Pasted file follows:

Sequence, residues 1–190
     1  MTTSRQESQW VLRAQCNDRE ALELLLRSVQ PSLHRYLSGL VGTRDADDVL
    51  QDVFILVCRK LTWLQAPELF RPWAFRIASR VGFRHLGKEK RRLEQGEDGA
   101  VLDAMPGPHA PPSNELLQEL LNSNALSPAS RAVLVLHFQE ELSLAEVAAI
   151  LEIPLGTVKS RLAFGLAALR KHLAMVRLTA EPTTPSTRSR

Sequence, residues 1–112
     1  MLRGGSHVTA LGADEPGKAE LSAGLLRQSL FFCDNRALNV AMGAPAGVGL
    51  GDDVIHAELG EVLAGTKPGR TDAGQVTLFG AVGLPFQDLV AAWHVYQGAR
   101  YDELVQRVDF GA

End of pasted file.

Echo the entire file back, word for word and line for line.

Sequence, residues 1–190
     1  MTTSRQESQW VLRAQCNDRE ALELLLRSVQ PSLHRYLSGL VGTRDADDVL
    51  QDVFILVCRK LTWLQAPELF RPWAFRIASR VGFRHLGKEK RRLEQGEDGA
   101  VLDAMPGPHA PPSNELLQEL LNSNALSPAS RAVLVLHFQE ELSLAEVAAI
   151  LEIPLGTVKS RLAFGLAALR KHLAMVRLTA EPTTPSTRSR

Sequence, residues 1–112
     1  MLRGGSHVTA LGADEPGKAE LSAGLLRQSL FFCDNRALNV AMGAPAGVGL
    51  GDDVIHAELG EVLAGTKPGR TDAGQVTLFG AVGLPFQDLV AAWHVYQGAR
   101  YDELVQRVDF GA